Preclinical evidence suggests that peripherally administered antibodies can enter the central nervous system and bind to Aβ, where it is eliminated via Fc receptor-mediated clearance by microglial cells [11]. However, Aβ antibodies in brain parenchyma only reached 0.1% of the antibody concentration in serum due to the low passage of antibodies across the blood–brain barrier. Antibodies also have to pass through further barriers to reach intracellular compartments. Consequently, intraneuronal Aβ antibody concentrations may not be sufficient to reduce intracellular Aβ, impacting efficacy. This also makes it difficult to optimize dosing. Other passive immunotherapy compounds currently being investigated in clinical trials include gantenerumab, crenezumab, BAN2401, GSK933776, AAB-003, SAR228810, and BIIB037/BART [13].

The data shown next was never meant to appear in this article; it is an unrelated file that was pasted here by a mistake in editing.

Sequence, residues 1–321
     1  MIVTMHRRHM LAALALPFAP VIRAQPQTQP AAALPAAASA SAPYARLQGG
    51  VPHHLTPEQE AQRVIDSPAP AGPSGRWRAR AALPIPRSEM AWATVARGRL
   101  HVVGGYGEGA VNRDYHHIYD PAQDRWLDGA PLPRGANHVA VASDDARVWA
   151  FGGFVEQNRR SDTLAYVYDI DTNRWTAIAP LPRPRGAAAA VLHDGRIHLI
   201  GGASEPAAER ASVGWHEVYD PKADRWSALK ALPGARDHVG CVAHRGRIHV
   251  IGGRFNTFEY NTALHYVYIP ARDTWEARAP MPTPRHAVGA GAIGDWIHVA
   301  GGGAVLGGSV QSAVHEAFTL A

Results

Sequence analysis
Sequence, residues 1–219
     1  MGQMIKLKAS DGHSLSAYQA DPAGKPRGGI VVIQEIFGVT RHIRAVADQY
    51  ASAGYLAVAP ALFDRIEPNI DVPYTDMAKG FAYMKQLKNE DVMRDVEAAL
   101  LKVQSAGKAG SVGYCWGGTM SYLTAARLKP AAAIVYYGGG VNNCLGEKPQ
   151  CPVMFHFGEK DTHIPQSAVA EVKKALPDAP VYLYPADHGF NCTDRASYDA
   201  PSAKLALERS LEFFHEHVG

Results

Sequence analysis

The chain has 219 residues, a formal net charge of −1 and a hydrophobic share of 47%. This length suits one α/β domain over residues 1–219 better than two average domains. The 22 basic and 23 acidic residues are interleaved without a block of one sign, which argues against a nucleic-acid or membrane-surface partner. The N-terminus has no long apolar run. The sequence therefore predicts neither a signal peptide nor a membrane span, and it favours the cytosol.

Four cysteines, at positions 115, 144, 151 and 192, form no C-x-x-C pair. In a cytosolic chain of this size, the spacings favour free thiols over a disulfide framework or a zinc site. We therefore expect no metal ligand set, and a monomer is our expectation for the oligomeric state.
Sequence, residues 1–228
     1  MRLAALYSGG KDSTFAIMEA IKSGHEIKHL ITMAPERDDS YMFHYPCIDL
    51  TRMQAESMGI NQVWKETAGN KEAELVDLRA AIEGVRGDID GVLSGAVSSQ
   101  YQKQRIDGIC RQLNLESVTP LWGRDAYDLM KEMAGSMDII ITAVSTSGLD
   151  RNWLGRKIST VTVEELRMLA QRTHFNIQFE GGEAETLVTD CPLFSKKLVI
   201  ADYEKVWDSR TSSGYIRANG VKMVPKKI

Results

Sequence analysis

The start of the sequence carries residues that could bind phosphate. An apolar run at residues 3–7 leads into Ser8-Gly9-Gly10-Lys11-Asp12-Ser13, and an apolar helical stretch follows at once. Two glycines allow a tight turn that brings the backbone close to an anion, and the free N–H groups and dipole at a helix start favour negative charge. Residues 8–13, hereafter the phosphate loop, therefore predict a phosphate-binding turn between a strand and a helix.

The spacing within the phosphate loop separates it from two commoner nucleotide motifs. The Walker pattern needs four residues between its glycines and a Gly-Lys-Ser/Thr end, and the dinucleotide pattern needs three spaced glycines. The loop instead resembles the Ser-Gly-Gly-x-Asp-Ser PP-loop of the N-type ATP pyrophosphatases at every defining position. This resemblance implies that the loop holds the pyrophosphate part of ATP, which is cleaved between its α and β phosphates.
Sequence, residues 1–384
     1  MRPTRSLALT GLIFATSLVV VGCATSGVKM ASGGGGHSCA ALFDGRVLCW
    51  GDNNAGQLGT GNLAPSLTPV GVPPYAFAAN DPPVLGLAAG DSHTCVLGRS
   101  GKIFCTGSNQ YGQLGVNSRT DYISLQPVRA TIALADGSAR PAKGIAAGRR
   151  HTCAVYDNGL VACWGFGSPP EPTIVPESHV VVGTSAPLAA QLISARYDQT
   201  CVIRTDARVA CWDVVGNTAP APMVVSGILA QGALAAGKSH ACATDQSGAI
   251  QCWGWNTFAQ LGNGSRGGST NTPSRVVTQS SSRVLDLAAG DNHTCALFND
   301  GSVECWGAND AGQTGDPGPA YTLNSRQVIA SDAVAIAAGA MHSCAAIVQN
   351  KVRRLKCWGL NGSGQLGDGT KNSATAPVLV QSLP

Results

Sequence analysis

The concept of active Aβ immunotherapy for AD was first introduced in 1999 [12]. Vaccination of APP transgenic mice with an Aβ1–42 peptide prior to amyloid deposits effectively blocked amyloid accumulation as mice aged, and treatment in the older mice reduced the progression of AD-like neuropathologies [12]. AN1792, a synthetic Aβ1–42 peptide co-administered with a QS21 adjuvant, was the first active Aβ immunotherapy tested in clinical trials. However, a phase 2 trial demonstrated that only 19.7% of patients with mild-to-moderate AD developed a predetermined antibody response [15], and this compound was subsequently discontinued because meningoencephalitis was observed in 6% of patients [16]. An Aβ-specific T-cell response (T-helper type 1 CD4+) is believed to have occurred, given that AN1792 consists of full-length Aβ1–42 that carries T-cell epitopes [17, 18]. Results from this study showed that patients with an antibody response demonstrated significantly better scores in certain memory functions of the neuropsychological test battery, but no difference in cognitive and disability scores compared with the placebo group [15]. As T-cell epitopes mainly reside in the central proportion of Aβ1–42[19], a number of approaches have been developed comprising the Aβ N-terminus (B-cell epitopes) to avoid a T-cell response and have shown promise as second-generation active immunotherapeutic options for modifying AD. These compounds involve administering short Aβ peptides, fragmented peptides, or peptide mimetics to activate the patient’s immune system. Aβ peptides are usually conjugated to a carrier, such as a virus-like particle or keyhole limpet hemocyanin (KLH), and administered with an adjuvant to encourage stimulation of the immune response [20]. Therefore, due to the component differences between the active immunotherapies, no direct comparisons can be made with respect to doses or adjuvant effects. The antibody affinity achieved may also be different across vaccines, and may improve on repeated injections demonstrating affinity and avidity maturation.